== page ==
11 June, 2013
Every year on the first Sunday in June, the twelfth graders in Israel sit their final exam in Bible - Tanach. One of the passages that they have to face in their exam is unseen. This year they had to read 1 Samuel 30 and answer questions about the text.
We recently had elections in Israel and after every election there are always accusations about people who paid for votes. In the Hebrew language there's a word for it – bribe - which, according to the Hebrew Bible, blinds the eyes of the wise.
In the aforementioned chapter there's a crisis after some of the people of Tsiklag–צִקְלַג - were captured by the Amalekites, a people who were supposed to have been destroyed by the hands of Saul according to 1 Samuel 15. These were the days prior to the tragic death of Saul in his battle with the Philistines, the days when David was still planning how to become the leader once Saul was out of the picture.
There are three major moves that David undertook in order to establish himself as the next leader of the Israelites. Firstly, when he heard what happened to Tsiklag, he came to the city and, along with his men, cried with the city's people, as written:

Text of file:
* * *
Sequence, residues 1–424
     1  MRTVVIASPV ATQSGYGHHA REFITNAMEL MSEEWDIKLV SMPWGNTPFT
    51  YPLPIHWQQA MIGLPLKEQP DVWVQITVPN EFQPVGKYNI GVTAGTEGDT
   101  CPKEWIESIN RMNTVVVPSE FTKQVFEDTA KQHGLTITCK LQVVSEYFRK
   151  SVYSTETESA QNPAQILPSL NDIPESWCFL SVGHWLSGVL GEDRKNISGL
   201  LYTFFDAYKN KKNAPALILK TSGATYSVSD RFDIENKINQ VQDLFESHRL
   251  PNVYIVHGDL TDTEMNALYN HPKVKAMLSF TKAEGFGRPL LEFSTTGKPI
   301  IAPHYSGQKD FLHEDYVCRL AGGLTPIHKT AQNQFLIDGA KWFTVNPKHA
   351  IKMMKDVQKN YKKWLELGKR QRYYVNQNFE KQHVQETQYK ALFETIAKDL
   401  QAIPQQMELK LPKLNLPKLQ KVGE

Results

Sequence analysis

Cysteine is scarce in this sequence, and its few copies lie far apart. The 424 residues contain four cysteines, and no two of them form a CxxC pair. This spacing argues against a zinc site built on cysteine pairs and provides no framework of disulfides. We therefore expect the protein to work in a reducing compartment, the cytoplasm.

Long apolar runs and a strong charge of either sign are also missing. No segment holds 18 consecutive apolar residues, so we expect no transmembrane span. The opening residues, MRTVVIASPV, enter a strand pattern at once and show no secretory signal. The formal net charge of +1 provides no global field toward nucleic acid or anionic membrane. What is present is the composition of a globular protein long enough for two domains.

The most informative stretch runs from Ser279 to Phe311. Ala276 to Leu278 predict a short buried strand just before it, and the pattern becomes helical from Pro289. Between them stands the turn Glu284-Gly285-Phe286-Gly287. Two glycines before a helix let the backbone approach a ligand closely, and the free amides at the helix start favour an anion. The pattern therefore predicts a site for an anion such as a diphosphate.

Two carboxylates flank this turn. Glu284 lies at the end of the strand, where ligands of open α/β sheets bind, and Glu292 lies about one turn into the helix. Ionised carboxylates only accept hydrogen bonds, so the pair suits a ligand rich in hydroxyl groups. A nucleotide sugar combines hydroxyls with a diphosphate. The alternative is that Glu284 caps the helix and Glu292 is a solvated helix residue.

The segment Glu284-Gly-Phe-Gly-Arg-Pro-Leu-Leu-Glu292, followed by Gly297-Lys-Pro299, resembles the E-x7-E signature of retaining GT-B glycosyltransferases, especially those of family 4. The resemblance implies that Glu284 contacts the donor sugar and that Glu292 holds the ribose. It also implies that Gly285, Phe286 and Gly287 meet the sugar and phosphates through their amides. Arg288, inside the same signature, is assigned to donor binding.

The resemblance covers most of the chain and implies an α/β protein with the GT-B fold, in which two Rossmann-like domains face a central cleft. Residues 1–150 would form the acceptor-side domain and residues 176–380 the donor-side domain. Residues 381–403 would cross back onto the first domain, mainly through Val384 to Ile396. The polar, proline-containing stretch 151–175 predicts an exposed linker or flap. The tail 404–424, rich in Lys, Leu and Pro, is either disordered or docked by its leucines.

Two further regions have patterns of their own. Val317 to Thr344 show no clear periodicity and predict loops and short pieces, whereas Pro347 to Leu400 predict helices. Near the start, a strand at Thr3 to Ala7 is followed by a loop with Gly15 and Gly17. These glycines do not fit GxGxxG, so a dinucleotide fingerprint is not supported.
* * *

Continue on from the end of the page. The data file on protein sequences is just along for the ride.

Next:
It's really important to emphasize that David had his reasons to cry, since his two wives were captured as well. However, when we read this passage through a modern-day lens, our minds might drift to President Obama or other leaders that have gone to visit the people of a city when a disaster happens. Though the reaction of the people was violent - many wanted to stone him - I'm sure that some of them saw him as a true leader who had empathy for them.
In the next passage, we can see David as a religious leader, who asked God, with the help of the "ephod", what to do-
David was able to rescue the people who were captured because he was wise enough to know that God would help him defeat the Amalekites. He had only 600 soldiers, and in the end, 200 of them didn't fight when they were left behind. However, David had the hand of God on his side and God’s approval, thus the Amalekites were defeated and only 400 of them escaped.
The question after the war was about the spoils - who would get them? The 400 warriors wanted the spoils for themselves, but the future King had different plans, as written:
David gave the spoils not just to the 200 warriors who were left behind, but also to the elders of Israel in every place that he roamed when he had to flee from King Saul. Whether this was a bribe or not, we can't say for sure since Biblical commentators were relatively quiet on this subject. Our study today has been an examination of some of David's actions before the people chose him to be king. As I've said before - to me David was a brilliant leader, a savvy politician who simply knew exactly what to say and do in order to get elected.